As the argument develops, words shift meaning as their context shifts.

As we come into Hebrews 4, we have repeated uses of the word “rest,” and the question generally asked is just what does the rest (or specifically “Sabbath rest/celebration”) that remains to us consist of? Is it something that happens now or in the future?

Here’s a case where I think finding the one, clearly delimited answer is suboptimal. We have a pattern of “rests” presented. Our author is not afraid to draw on the story and bring us into it. There is the rest after creation (do you see the tie-back to 1:1-4?), then the rest of being in the land offered to the Israelites, and finally (or is it final?) a rest offered to us.

I’d suggest that the word rest here is as flexible as the story and the context. There is definitely a “now” rest to us. In fact, that is the rest of confidence in the One who is perfect. This is developed as the topic of priesthood moves forward. This rest is part of that very boldness in approaching the throne of grace. But there is no reason that this rest does not extend ultimately to the rest in the kingdom of God. No one-or-the-other choice is required.

I would note also that the word use for “to rest” (4:4) and “to give rest” (4:8a) are the same word and form used in different ways close to one another.

Which leads me to 4:12-13, in which we being with the word (logos) of God and end with the account (logos) which we must give to God. First, I find the debate over whether this is Jesus as the Word, with the follow-up debate over how closely it is tied to John 1:1-3ff in intent, to be slightly misguided. God’s Word is much more than your Bible, but your Bible reflects and provides God’s Word in its way and purpose. Is Jesus greater than the book? Yes, just as the one who provided the book is greater than the that which he provided (see the logic at the beginning of chapter 3).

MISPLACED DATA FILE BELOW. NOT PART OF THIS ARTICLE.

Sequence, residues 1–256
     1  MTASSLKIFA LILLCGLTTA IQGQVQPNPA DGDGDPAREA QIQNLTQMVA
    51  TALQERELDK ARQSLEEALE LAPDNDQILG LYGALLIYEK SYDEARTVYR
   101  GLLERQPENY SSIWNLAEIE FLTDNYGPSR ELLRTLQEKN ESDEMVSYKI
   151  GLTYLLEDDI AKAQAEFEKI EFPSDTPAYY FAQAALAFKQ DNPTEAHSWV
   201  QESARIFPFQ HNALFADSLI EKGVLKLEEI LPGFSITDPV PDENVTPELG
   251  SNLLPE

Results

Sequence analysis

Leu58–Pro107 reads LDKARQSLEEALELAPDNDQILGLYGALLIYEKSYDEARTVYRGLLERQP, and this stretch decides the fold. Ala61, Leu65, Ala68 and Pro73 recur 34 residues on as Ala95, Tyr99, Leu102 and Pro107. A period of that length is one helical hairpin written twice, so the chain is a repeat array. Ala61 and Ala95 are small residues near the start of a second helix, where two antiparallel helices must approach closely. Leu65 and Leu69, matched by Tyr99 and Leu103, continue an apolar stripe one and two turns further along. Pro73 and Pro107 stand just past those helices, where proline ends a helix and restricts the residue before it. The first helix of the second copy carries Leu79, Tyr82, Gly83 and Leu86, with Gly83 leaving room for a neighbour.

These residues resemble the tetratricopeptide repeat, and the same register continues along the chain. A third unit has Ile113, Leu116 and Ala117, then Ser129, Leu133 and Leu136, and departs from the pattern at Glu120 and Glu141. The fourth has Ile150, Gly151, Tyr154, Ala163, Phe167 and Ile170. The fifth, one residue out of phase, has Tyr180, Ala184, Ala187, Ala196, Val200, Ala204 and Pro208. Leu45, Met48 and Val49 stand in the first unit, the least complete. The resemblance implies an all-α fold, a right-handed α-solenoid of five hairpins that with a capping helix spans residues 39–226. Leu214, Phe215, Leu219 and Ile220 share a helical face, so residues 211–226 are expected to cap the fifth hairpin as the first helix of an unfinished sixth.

I think that this Word is more than written scripture because of the context, but by nature it must include scripture. Just look at how firmly the author roots his presentation in the story of prior scripture. But because the author intends to establish Jesus a greater than what we have received by nature (1:1-4), it also must bring in this greater revelation here. This is an integral part of what is meant by Jesus as our High Priest.

Then we turn back to the account. I believe the account we will give is the account placed in us by the Word. We can talk about how thorough the examination presented by 4:12-13 is and how difficult it would be to survive such an examination. If, however, we assume that somehow we will in this life be ready for such an examination, we’ve missed the point again. This examination is not one you’re going to handle.

I think the second use of the Greek word logos is our first pointer to the fact that the one who is perfect is Jesus, and only Jesus, and it is only in Christ that we attain anything. We are going to give back to the Word nothing but the Word. The account we give is Jesus.

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Eschatology: Ezekiel and the Line Between Prophecy and Apocalyptic

Eschatology: Ezekiel and the Line Between Prophecy and Apocalyptic

Tonight I’ll be spending most of my time in Ezekiel 1 along with dealing with some background. I’ll follow this next week by looking at the glory of the Lord in Ezekiel as a guide to the theme of the book. Finally, I’ll look at the temple vision as part of looking at what is literal and what is symbolic, not to mention whether the very “literal/symbolic” dichotomy is actually valid.

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I’ll be working a great deal from my own college paper on Ezekiel 1, which I have posted on my web site for reference.